This week we gather with our Peace Corps group, Group 38, in Windhoek for our Close of Service Conference. It is basically the graduation ceremony for all Peace Corps groups. We will have some sessions on reintegrating back to America, job searching and reflecting on our service. We’re being put up in a nice hotel (thanks American tax payers!) and breakfast and dinner are included for the 2.5 day conference. Josh and I will stay til the end of the week to do all our required medical tests. The last time our entire group was together was our Mid-Service conference, and before that for our Re-connect (6 months into service) and our 2 month Pre-Service Training.
We get back to Rundu on Saturday, we have one last full week of work and then our last days of work are July 13th. On July 14 we come back down to Windhoek for all the last minute paperwork, etc. and then on July 17 we officially become Returned Peace Corps Volunteers (RPCVs).
#10 Sharing holidays with my Namibian friends – Fulfilling Goal # 2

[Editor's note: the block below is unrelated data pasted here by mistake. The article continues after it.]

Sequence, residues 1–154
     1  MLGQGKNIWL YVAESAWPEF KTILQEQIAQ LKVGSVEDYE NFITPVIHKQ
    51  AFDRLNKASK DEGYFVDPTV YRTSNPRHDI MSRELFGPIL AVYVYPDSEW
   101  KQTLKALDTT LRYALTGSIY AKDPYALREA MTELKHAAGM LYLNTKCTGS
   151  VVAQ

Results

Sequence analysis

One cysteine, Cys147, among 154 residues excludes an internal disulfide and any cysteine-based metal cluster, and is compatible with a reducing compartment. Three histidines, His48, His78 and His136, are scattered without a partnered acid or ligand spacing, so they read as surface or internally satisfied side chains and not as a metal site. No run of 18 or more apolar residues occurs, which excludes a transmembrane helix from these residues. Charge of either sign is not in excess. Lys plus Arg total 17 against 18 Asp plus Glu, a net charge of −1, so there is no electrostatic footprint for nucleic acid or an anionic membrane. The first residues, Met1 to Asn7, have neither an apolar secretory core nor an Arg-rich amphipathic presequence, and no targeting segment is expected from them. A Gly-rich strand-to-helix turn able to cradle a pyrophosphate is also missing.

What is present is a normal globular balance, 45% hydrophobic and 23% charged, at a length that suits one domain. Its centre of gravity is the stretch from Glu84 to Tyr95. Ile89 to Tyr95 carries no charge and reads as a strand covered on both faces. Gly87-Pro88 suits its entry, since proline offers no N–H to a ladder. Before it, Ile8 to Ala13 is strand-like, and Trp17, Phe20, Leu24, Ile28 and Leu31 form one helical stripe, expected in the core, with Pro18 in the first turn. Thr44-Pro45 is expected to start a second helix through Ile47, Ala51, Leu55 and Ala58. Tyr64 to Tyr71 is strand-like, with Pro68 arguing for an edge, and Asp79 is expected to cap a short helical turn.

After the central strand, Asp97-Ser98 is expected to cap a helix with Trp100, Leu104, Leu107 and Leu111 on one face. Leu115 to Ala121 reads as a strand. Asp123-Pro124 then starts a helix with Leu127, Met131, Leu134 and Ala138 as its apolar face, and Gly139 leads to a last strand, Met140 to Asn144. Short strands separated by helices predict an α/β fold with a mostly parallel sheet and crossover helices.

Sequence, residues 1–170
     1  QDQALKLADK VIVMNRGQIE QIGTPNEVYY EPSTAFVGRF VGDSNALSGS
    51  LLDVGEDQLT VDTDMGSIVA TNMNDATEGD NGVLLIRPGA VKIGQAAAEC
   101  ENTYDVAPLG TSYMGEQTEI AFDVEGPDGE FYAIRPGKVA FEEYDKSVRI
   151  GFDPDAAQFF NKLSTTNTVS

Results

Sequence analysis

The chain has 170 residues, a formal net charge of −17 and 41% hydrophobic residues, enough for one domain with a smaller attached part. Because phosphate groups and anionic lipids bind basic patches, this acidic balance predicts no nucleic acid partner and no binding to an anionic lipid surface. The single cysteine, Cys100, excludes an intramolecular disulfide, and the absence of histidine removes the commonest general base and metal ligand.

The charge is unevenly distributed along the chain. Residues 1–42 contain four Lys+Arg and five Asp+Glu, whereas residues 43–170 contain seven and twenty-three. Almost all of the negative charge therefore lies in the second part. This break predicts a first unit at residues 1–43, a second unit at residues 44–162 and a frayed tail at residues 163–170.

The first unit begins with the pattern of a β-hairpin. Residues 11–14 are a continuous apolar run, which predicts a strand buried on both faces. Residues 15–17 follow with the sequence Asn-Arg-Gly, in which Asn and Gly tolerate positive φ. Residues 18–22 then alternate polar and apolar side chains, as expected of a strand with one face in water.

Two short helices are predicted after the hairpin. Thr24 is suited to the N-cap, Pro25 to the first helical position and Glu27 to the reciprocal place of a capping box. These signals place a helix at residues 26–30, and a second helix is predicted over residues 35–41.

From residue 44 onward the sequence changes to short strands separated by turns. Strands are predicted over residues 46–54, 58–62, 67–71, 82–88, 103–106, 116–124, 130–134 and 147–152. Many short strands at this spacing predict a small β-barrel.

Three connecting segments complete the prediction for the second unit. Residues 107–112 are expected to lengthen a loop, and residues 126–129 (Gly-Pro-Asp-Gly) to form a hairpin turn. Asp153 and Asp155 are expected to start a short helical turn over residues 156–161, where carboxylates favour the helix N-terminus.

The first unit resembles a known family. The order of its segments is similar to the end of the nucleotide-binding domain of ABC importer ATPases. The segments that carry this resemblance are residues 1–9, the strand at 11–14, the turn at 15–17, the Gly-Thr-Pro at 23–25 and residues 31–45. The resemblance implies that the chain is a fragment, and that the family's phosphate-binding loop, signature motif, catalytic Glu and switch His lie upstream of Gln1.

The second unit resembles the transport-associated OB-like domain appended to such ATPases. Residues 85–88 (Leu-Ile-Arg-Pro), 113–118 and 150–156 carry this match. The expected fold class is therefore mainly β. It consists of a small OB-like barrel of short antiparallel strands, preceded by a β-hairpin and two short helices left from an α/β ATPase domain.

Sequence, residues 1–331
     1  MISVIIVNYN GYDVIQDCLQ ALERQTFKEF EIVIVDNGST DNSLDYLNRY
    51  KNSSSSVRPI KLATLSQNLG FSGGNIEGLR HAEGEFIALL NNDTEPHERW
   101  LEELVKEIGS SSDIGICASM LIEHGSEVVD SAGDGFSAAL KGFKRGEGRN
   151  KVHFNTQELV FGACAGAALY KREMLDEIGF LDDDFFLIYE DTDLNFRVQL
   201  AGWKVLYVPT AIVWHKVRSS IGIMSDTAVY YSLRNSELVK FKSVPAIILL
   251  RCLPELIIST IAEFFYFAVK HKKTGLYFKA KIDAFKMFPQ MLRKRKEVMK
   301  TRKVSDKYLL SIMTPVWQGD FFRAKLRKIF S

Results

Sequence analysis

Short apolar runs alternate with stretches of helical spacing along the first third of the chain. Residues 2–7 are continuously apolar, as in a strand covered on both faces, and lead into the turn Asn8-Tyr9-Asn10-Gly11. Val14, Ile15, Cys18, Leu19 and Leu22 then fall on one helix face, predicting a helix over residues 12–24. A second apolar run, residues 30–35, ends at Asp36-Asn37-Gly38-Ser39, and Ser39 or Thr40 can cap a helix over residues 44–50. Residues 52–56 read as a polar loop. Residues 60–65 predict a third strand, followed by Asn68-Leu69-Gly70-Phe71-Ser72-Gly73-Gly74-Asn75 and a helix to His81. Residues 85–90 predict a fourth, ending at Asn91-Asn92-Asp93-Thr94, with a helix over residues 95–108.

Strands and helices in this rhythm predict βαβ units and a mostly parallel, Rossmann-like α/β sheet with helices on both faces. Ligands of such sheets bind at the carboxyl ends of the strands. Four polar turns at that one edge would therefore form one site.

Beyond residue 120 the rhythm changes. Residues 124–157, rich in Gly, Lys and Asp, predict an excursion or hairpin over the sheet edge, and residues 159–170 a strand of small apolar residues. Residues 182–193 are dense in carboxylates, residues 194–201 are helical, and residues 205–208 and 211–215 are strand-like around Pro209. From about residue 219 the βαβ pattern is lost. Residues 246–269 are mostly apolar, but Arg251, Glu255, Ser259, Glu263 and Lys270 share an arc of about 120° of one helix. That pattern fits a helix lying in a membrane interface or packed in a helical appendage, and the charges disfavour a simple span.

It’s been so exciting to share holidays with my Namibian friends, family and learners. Thanksgiving, Christmas in the village, 4th of July, bachelorette parties, the list goes on and on. I loved explaining the kinds of food Americans eat and how we celebrate each holiday.
I’ll never forget what my friend Kazao said at our Thanksgiving celebration last year. “I couldn’t go to America so America came to me. I’m the lucky one for having been chosen.” This made me tear up – this is one of the reasons the Peace Corps exists – cultural exchange. It’s been one of the most gratifying parts of my service, learning about how Namibians live and sharing what real life is like in America.#11 Hearing my learners say Lisa-isms outside school
Some days you really wonder if anything you’re saying is getting through to your kids. But then some days you overhear some kids say things to one another and you know that some have been listening.
One day at volleyball practice I heard one player say to the other “Stop being an oompa-loompa!!” In the upper level grades here in Namibia learners are broken into “High Level” and “Ordinary Level” but I always called my grade 11s Extraordinary Level. I overheard one of my learners tell a higher level learner once “Oh, extraordinary level is actually better than higher level!”
Hearing little things like this always made me smile.
#12 Surprising people in our small community
I love city living, and while I’ve missed the amenities and anonymity I had in Denver, I have enjoyed living in a small community. As one of the few Americans in Rundu and Namibia, walking around town I often feel like a celebrity.